A roller shaft 34 is affixed to the upper ends of the outer links 18 as will be appreciated from FIG. 4, and rollers 36 are mounted upon the ends of the shaft 34. Extensions 38 mounted upon the roller shaft 34 include rollers 40, and rollers 42 are mounted upon shafts affixed to the upper ends of the inner links 20 as will be appreciated from FIG. 4.
The rollers 36, 40 and 42 on a common side of the suspension 10 are linearly related, and such rollers are received within a channel shaped guide 44. Likewise, on the opposite side of the suspension 10, a guide 44 receives the other rollers 36, 40 and 42. In this manner, the guides 44 are supported upon the rollers 36, 40 and 42 wherein the guides 44 are readily linearly movable upon their supporting rollers.
The guides 44 are interconnected at their front ends by the front bracket assembly 46, and are interconnected at their rear end by the rear bracket assembly 48. The assemblies 46 and 48 are bolted to the guides 44, and such bolted assembly is preferred over welding fabrication as distortion and other alignment problems arising from the heat of welding are eliminated.
A lock lever 50 is mounted upon the front seat bracket assembly 46 and the lock lever 50 operates mechanism within the assembly 46 which locks the seat bracket 16 to its supporting rollers preventing relative movement on the rollers 36, 40 and 42. Such locking means may be of any conventional nature and its specific construction and operation are within the scope of one skilled in the art.
Seat support rails 52 are bolted upon the assemblies 46 and 48 and the seat support rails 52 constitute the support for the vehicle seat 54 shown in dotted lines in FIG. 1. The seat 54 may take any desired configuration or form, and is usually of an upholstered nature having contours to provide optimum comfort and cushioning.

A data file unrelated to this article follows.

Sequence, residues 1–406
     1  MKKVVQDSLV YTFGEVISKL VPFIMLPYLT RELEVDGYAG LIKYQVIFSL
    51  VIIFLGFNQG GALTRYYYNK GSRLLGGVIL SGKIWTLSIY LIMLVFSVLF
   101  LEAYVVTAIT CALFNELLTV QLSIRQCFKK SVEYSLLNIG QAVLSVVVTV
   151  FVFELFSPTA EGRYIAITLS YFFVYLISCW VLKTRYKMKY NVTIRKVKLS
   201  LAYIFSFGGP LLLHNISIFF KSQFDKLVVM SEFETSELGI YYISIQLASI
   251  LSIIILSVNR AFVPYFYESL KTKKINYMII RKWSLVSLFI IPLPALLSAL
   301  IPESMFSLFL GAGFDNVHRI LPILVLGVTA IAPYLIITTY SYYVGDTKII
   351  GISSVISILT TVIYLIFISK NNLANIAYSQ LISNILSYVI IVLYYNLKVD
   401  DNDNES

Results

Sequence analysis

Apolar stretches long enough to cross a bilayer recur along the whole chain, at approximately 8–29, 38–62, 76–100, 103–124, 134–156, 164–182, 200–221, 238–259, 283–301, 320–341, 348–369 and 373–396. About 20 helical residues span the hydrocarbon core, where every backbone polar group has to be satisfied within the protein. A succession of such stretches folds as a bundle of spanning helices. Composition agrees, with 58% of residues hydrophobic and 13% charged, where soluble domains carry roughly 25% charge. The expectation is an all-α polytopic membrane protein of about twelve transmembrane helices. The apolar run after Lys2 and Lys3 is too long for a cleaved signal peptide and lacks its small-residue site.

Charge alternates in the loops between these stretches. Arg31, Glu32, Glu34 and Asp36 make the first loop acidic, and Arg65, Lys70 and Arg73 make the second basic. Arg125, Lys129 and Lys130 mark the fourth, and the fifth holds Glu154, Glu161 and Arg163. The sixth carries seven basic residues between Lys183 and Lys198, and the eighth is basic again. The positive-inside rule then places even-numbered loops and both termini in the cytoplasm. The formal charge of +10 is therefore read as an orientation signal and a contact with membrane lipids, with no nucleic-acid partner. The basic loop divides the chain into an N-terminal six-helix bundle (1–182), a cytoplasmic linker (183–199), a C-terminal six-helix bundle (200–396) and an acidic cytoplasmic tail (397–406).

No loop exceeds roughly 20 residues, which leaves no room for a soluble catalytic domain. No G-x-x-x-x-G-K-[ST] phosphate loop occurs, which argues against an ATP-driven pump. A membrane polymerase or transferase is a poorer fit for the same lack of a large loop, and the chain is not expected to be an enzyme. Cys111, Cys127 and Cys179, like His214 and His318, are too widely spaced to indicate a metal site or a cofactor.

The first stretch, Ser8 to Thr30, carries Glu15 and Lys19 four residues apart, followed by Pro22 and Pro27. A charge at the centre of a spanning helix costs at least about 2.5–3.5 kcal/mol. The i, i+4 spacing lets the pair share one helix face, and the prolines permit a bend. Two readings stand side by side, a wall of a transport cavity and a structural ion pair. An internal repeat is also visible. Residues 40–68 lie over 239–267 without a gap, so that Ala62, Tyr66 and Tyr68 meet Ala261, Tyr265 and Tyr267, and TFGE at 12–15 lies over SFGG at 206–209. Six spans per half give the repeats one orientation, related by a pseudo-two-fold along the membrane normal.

The vertical position of the seat 54, and the degree of vertical extension or retraction of the scissors linkage 14 is determined by an expansible chamber air cylinder 56 interposed between the base plate 12 and the plate 57 affixed to the extensions 38. Additionally, vertical forces imposed upon the seat bracket 16 are absorbed by the shock absorber 58 extending from the roller shaft 30 to a link 20 by pivotal boss 59, FIG. 2.
The rear bracket assembly 48 includes wings 60, FIG. 4, and nylon fabric tension webs 62 are attached to the wings 60 by means of web upper brackets 64. The lower end of the tension webs 62 is looped about and affixed to the pivot pin 26 whereby high tension forces can be transmitted through the webs 62 between the anchors 24 and the seat bracket 16.
The aforedescribed seat construction permits a low profile vehicle seat to be produced which is of a high strength character, yet permits full adjustment of the seat 54 to occur. Depending on the extension of the air cylinder 56, the height of the seat 54 with respect to the base plate 12 may be accurately regulated, vertical vibrations and shocks imposed upon the seat are absorbed by the shock absorber 58. If the seat bracket 16 is not locked with respect to the rollers 36, 40 and 42 by the lock lever 50, the seat 54 is free to move in a direction parallel to the direction of vehicle movement permitting forces and vibrations parallel to this direction to be readily absorbed.
By attaching the seat bracket 16 to the base plate 12 and indirectly to the vehicle frame by means of the tension webs 62, the seat bracket 16 is sufficiently retained against forward movement in the event of a crash to permit the required seat belts to be attached to this structure of seat 52 or the seat bracket 16 yet the flexibility of the webs 62 does not interfere with seat adjustment. Accordingly, by mounting the seat belt structure to the seat or seat bracket, adjustment of the seat belt structure as the seat is moved forward or rearwardly is not required, and the ease of use of the vehicle seat with respect to the occupant is substantially simplified as compared to arrangements requiring that the seat belt structure be mounted to the vehicle frame.
It is appreciated that various modifications to the inventive concepts may be apparent to those skilled in the art without departing from the spirit and scope of the invention.
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|Cooperative Classification||B60N2/509, B60N2/544, B60N2/502, B60N2/501, B60N2/525, B60N2/508, B60N2/505|
|European Classification||B60N2/50D, B60N2/50H, B60N2/50C, B60N2/52G, B60N2/50R4|
|Jan 21, 1997||AS||Assignment|
Owner name: SEATING TECHNOLOGIES, INC., MICHIGAN
Free format text: ASSIGNMENT OF ASSIGNORS INTEREST;ASSIGNORS:TIMMS, DARYL B.;STURHAN, WILHELM F.L.;HELLWEG, GERHARD;REEL/FRAME:008316/0210
Effective date: 19960913
|Feb 7, 2002||FPAY||Fee payment|
Year of fee payment: 4
|Feb 3, 2006||FPAY||Fee payment|
Year of fee payment: 8
|Jan 29, 2010||FPAY||Fee payment|
Year of fee payment: 12